On the data front, we’ll get the third reading on Q3 GDP along with PCE.

We’ll also get the BoJ in case anyone is in need of some comic relief. Needless to say, there won’t be any surprises there. “The BoJ will meet on Thursday [and] we expect them to keep all key monetary policy settings unchanged and retain the ‘about JPY80tn’ guideline for net JGB purchases,” BofAML writes. And here’s Goldman: “We do not expect any changes at the upcoming December 20-21 BOJ meeting.”

Got it.

The Riksbank is on deck as well and that’s potentially interesting. As a reminder, Sweden is effectively beholden to ECB policy (if you need a refresher course on that, see here). Additionally, the December meeting comes on the heels of a hawkish shift from the Norges Bank. A recent SEB survey shows that everyone expects the Riksbank to keep the repo rate unchanged at minus 0.50% and 63% expect the central bank to continue to expand its balance sheet in 2018. Here are the rest of the results summarized by Bloomberg:

  • Only 22% expect Riksbank to announce a new QE program in Dec. but 41% believe it will start pre-investing SGB1052 already in 1Q 2018
  • Almost 40% expect near-term rate path to be lowered while ~20% expect a higher path; some 54% of respondents expect the Riksbank to hike repo rate in July or September 2018
  • Survey also finds that “a large majority thinks QE has worsened market functioning of both nominal and inflation-linked bonds significantly”

Here’s Goldman’s take:

The Executive Board will decide on whether to extend bond purchases beyond year-end at the December meeting. Bond purchases have gradually been scaled down (in SEK15bn increments) from SEK60bn during the first half of 2016 to SEK15bn over the past six months. We see a reduction to zero from January 2018 as representing a natural end to the bond purchase programme. In our base case we also expect the Riksbank to leave its repo rate path unchanged; the current path signals a first hike in Q3 next year. While we do not expect the Riksbank to extend its asset purchases, we still expect its message at the December meeting to be broadly unchanged from October and thus still on the dovish side.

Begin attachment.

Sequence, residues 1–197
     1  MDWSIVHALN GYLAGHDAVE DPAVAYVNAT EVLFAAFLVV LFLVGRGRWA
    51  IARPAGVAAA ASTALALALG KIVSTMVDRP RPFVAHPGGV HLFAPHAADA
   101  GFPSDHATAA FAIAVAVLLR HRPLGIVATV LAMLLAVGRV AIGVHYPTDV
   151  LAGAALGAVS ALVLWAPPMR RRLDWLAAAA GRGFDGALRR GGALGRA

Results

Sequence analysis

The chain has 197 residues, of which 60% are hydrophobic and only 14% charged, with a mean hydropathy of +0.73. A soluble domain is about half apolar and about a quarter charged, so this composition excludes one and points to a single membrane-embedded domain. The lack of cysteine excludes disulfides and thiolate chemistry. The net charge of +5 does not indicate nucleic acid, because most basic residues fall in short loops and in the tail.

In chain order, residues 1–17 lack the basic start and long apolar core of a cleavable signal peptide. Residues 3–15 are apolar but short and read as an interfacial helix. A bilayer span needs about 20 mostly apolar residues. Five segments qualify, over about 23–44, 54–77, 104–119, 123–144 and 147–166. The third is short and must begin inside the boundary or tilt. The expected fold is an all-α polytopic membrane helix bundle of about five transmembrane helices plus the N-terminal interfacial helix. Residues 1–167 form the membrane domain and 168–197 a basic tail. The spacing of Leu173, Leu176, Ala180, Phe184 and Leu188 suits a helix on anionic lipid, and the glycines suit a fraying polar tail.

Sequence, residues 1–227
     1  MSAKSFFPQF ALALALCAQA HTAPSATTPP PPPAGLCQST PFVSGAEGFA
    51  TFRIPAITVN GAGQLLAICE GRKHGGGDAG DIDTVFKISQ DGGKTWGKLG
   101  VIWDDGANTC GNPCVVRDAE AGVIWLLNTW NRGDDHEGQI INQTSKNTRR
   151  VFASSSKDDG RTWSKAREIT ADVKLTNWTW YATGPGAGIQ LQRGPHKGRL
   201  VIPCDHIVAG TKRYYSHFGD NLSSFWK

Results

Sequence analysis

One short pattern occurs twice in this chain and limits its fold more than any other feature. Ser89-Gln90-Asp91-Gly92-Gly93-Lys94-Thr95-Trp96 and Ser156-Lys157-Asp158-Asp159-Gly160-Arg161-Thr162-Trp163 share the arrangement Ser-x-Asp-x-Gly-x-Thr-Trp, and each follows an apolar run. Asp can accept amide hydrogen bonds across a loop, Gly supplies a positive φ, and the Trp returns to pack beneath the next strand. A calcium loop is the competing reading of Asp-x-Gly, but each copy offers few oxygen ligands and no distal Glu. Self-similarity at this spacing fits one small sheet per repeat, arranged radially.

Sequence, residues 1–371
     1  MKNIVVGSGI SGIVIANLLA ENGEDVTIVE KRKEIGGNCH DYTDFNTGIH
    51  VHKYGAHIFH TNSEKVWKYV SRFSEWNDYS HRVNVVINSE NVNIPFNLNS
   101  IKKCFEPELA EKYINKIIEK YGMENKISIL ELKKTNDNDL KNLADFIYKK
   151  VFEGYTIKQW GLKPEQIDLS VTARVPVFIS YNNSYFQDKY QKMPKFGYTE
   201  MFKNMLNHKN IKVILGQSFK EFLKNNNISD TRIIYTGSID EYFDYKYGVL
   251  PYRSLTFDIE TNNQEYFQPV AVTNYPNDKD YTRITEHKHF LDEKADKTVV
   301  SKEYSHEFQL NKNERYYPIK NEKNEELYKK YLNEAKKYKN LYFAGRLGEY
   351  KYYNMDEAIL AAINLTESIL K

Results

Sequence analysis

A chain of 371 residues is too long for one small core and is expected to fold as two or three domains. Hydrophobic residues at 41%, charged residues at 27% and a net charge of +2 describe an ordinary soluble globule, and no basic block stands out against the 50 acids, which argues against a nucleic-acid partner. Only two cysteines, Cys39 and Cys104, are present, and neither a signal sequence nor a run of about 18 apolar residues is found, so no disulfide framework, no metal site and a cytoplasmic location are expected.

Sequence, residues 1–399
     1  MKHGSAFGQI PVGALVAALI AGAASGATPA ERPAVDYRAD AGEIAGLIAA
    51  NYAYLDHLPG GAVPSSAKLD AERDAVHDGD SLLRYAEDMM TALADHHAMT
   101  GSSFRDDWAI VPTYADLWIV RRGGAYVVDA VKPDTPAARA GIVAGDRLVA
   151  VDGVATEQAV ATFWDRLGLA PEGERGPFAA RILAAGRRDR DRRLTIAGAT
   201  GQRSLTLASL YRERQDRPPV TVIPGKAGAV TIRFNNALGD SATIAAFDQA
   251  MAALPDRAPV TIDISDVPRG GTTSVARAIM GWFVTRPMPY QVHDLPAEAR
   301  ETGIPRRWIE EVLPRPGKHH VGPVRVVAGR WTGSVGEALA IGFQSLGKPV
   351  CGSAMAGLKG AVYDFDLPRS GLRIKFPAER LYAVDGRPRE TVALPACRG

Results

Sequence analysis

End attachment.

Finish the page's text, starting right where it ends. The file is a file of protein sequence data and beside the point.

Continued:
The risk scenario is that the Riksbank extends its asset purchases for the first six months of 2018 by a small amount (e.g., SEK15bn) and possibly also pushes out the first rate hike into Q4. In this scenario, we would expect the Riksbank to argue that this is driven by continued ECB bond purchases. We attach around a one-in-three chance of this scenario.

And here’s BofAML underscoring the FX risk that’s part and parcel of why the Riksbank must everywhere and always consider what the ECB is doing:

The Riksbank will meet on Wed. Whilst policy rates are likely to remain on hold, the focus will be on whether QE will be extended into 2018. We think the risks are not insignificant, but the Riksbank will be cognizant that ending QE, whilst keeping the timing of the first rate hike for H2 2018, will drive sustained SEK appreciation. Strengthening of forward guidance may neutralize the impact of ending QE.

Finally, here’s Barclays:

Although the Riksbank is widely expected to keep its repo rate unchanged at -0.50%, expectations around the likely extension of the bank’s QE program are finely balanced. We think market pricing is consistent with a higher likelihood of QE extension but the reward-to-risk of pre-positioning ahead of the decision looks rather poor, in our view

Meanwhile, Thursday will also bring the Catalan regional elections. Here’s the latest polling via FT:


Long story short, this is a hot mess. Obviously, the result has implications for other independence movements across the EU and as such, you’ll want to watch this closely – especially as the ECB is set to taper starting in January thus implicitly rolling back the policy put for periphery debt.

All in all, “no rest for the weary” if you’re a market observer/trader.

Full calendar via BofAML